I’m sitting here in our Bubs Australia facility in Victoria, the dairy capital of Australia.  It is a FDA-approved facility.  And we had already started the journey for having our three lines of infant formula products approved for export into the United States. 

We knew that our products already met the FDA nutritional requirements, so we would make contact with your sales, with the administration, and with the FDA.  And I am very — I’m very pleased to be able to now be in a position where we can help — help the situation.  And I commend you, Mr. President, on being able to bring government and regulatory — and industry together to help solve this problem as one collective group.

Obviously, logistics in moving this quantity of infant formula in a short period of time is complex.  And I’d like to take this opportunity to thank you for including Bubs Australia in Operation Fly Formula.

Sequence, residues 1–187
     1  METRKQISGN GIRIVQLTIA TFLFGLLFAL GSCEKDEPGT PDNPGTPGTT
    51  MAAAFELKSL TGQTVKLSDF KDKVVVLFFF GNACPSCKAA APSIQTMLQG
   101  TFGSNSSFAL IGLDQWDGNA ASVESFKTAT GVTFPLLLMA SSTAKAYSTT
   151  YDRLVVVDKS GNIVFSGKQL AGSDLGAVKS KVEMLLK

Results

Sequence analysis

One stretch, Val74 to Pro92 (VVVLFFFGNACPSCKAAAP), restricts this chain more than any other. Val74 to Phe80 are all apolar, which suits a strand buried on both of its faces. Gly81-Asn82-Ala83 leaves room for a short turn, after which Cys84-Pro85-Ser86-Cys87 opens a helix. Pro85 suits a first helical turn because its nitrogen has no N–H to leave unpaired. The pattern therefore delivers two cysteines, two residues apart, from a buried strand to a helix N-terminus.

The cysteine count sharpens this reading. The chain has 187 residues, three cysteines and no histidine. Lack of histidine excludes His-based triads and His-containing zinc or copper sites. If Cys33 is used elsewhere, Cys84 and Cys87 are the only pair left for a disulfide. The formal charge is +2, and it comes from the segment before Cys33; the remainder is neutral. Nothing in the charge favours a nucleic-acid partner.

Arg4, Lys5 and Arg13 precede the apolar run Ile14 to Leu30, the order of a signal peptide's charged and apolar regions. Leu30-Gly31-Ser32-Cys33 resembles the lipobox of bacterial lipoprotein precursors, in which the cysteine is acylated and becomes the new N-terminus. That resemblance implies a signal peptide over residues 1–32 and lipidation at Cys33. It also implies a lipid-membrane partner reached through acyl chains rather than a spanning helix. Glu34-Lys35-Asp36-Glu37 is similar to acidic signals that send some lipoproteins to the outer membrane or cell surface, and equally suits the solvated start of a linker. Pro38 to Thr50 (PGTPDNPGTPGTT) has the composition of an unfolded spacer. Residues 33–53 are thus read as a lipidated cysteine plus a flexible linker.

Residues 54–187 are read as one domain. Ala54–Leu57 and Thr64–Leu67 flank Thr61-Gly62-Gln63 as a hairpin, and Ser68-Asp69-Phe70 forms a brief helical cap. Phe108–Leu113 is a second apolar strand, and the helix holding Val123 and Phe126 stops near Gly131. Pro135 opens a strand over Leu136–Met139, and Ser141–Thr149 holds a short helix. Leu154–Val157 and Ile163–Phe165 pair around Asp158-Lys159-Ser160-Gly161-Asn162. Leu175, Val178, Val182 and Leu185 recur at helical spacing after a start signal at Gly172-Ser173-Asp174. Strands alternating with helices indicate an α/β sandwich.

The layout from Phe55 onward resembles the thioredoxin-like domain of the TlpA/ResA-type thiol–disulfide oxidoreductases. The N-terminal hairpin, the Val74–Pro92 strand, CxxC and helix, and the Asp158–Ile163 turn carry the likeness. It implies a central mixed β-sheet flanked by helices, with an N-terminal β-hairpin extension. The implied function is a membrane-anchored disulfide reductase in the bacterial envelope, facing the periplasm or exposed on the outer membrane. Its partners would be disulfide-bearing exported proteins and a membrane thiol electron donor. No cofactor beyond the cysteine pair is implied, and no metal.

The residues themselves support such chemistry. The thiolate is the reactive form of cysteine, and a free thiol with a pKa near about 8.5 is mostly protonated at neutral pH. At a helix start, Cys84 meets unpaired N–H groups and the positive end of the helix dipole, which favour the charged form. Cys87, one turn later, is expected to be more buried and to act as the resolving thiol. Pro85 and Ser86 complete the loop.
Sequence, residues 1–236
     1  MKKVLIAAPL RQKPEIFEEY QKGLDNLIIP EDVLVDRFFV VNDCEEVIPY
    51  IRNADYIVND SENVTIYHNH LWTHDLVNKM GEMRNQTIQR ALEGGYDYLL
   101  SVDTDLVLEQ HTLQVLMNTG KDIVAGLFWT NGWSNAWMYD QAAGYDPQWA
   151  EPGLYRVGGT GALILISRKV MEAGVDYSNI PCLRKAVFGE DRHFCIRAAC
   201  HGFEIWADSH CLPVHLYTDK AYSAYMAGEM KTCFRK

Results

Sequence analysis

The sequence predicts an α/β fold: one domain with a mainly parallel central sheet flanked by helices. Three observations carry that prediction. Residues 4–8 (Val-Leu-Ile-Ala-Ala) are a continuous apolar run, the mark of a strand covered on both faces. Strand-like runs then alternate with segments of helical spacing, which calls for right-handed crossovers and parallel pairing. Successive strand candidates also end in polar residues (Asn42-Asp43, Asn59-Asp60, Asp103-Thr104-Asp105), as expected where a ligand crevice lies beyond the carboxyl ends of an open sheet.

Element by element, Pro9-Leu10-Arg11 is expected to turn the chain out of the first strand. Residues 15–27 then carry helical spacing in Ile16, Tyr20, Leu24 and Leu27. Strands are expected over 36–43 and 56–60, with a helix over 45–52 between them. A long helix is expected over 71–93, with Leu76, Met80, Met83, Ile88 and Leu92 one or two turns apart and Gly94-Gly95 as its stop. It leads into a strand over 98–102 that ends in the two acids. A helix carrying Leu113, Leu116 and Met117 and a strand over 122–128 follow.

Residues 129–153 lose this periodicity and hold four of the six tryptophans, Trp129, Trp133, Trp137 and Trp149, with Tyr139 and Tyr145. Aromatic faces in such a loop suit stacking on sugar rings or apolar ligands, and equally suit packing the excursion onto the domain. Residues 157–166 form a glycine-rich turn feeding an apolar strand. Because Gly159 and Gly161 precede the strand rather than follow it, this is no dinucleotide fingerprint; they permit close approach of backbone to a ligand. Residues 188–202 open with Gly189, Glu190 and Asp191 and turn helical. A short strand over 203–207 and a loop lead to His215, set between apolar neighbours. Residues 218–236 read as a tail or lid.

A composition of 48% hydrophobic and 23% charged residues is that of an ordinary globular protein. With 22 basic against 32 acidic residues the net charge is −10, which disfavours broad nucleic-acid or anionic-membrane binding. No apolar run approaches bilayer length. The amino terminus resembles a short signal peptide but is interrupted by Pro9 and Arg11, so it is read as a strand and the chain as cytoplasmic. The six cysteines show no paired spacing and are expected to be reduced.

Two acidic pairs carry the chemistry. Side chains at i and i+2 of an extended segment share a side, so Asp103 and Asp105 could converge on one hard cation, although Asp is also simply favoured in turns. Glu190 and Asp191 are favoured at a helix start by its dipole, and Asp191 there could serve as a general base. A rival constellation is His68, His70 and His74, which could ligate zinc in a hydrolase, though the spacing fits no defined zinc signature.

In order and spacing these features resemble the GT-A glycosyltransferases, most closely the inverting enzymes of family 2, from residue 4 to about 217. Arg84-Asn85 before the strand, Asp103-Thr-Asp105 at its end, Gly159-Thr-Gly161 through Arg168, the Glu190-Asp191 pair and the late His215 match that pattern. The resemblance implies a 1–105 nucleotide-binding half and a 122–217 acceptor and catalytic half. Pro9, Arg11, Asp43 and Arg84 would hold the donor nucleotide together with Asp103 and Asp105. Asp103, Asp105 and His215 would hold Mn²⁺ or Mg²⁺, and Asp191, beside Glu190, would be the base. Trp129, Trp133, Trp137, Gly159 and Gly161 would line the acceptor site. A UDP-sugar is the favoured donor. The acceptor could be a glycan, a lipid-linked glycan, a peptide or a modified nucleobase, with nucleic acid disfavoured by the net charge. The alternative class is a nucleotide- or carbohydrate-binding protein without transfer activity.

So, as you mentioned, the White House has announced today that we are now in a position to fly our first two air cargo carriers over to the United States.  We will be sending two planes full of our infant formula products next week, with the first plane leaving on June 9 to fly into Pennsylvania and the second plane leaving on June 11 to fly into California.

Across those first two planes is about 380,000 pounds of infant formula — or the equivalent of 4.6 million standard eight-ounce baby bottles. 

We are now working alongside the HHS to wo- — to determine when the first possible time is to bring in the next two planes, and we plan to do that in the coming weeks.